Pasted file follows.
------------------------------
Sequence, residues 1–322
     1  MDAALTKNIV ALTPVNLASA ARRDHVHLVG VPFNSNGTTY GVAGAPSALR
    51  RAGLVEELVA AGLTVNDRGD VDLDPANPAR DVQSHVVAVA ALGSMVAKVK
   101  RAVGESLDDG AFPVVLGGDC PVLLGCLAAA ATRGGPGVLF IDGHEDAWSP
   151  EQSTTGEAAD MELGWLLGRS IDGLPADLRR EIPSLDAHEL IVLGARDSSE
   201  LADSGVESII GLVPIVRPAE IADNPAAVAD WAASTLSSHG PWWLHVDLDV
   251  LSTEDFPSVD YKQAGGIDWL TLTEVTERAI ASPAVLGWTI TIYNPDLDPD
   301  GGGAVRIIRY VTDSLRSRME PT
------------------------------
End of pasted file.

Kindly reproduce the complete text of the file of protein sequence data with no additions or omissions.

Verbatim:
Sequence, residues 1–322
     1  MDAALTKNIV ALTPVNLASA ARRDHVHLVG VPFNSNGTTY GVAGAPSALR
    51  RAGLVEELVA AGLTVNDRGD VDLDPANPAR DVQSHVVAVA ALGSMVAKVK
   101  RAVGESLDDG AFPVVLGGDC PVLLGCLAAA ATRGGPGVLF IDGHEDAWSP
   151  EQSTTGEAAD MELGWLLGRS IDGLPADLRR EIPSLDAHEL IVLGARDSSE
   201  LADSGVESII GLVPIVRPAE IADNPAAVAD WAASTLSSHG PWWLHVDLDV
   251  LSTEDFPSVD YKQAGGIDWL TLTEVTERAI ASPAVLGWTI TIYNPDLDPD
   301  GGGAVRIIRY VTDSLRSRME PT